output += `\n${printed}\n`;

const outputPaths = [


for (const outputPath of outputPaths) {
  writeFileSync(outputPath, output);
  console.log('Generated types at ' + outputPath);

That’s it, that’s all the code we need to collect relevant interfaces, enums, and type aliases from our backend source code and write them to target files.

With our new type-sharing system, it takes less than a second to synchronize all services and libraries interested in our backend types. We’re also no longer sharing any internal types and definitely no modules that depend on the Node.js core. No more broken builds or huge bundle sizes due to imports that were meant for types only. And if we forgot to mark some inner type as public, our code wouldn’t compile!

There’s no such thing as free lunch

Obviously, this straightforward solution has a few limitations. Since we’re using ts-morph, we can easily read and print TypeScript node definitions (interfaces, enums, type aliases, and more), but that’s all we can do. If we had to provide types for services in different languages, we would need to create a translation layer. Not impossible at all, but definitely additional work.

The second downside is related to our requirement of full flexibility: We don’t have full type-safety as we can’t force the backend to return the exact same type our frontend expects. This is an important convention we have to look after ourselves, it’s just not codified.

Lastly, our tool operates on the type system layer, so we cannot access and share dynamic values generated at run time. Instead, we need to return these values at run time, which is probably better than sharing static code at build time, as it elegantly avoids the question of timing releases on that end. Of course, we still need to make sure our backend and frontend types are aligned, but using a monorepo removes most of the complexity away in this case.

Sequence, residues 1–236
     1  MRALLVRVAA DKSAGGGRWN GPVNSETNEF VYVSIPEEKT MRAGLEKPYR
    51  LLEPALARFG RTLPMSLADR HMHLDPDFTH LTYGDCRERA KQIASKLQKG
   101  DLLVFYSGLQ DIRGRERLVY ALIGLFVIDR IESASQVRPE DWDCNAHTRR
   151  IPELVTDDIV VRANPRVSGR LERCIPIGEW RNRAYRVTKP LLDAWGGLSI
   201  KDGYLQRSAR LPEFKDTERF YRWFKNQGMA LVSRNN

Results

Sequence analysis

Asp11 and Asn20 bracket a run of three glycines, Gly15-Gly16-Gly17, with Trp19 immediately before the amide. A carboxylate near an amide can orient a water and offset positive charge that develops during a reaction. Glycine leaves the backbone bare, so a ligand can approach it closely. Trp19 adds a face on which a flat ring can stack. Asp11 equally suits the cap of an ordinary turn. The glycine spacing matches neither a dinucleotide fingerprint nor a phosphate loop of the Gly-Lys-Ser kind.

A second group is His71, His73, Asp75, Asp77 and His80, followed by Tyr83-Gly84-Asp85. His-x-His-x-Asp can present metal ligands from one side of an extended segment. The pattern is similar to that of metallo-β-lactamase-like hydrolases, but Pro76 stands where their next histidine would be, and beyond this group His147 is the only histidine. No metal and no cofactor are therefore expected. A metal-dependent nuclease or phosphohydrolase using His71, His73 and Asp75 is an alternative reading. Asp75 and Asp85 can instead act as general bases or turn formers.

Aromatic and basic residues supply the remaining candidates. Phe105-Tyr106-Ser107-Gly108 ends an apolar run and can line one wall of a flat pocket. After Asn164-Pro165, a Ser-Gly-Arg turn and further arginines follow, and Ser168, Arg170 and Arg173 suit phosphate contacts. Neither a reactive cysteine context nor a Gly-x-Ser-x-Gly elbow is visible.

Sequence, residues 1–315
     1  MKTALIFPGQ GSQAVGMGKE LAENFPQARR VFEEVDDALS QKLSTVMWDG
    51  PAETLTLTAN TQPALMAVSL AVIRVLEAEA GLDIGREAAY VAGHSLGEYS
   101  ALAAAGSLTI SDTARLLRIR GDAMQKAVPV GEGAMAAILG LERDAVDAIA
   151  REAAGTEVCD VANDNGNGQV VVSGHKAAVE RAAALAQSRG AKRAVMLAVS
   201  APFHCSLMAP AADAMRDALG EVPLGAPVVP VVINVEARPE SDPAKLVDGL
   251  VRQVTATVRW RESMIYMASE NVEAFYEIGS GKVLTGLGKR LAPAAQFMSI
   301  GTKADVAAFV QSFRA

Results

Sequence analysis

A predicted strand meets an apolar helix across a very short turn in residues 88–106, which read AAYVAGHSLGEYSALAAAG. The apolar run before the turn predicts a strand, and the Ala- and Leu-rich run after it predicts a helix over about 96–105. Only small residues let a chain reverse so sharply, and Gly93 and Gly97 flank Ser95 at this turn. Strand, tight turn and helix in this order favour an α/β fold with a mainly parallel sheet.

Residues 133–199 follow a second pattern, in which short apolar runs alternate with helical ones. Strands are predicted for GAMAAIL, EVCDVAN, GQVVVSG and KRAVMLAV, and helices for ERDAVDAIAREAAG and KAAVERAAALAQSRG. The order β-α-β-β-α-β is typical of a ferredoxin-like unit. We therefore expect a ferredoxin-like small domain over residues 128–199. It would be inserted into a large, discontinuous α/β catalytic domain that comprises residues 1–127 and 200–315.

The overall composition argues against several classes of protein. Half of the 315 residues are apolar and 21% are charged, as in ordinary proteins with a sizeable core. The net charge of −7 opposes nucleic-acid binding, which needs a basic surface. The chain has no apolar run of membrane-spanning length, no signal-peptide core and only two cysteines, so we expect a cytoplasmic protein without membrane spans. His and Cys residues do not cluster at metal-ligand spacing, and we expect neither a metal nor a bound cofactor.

What’s next?

As with most tools, there are still some potential opportunities we can look at. Translating types to other languages would be interesting, as we could then share types with our CLI written in Go and other upcoming SDKs. For safety purposes, we could also introduce a CI step to prevent any PRs from being merged without generating the types if any source content changed in the meantime, which should take care of drift between our services.

If you found this interesting, make sure to check out Anzu and stay tuned for more updates. To build the best product possible, we’re venturing into adjacent areas of computing, building the tools and infrastructure we need. It’s almost funny to think of the high impact theoretical computer science and other fields have on our day-to-day software engineering experience.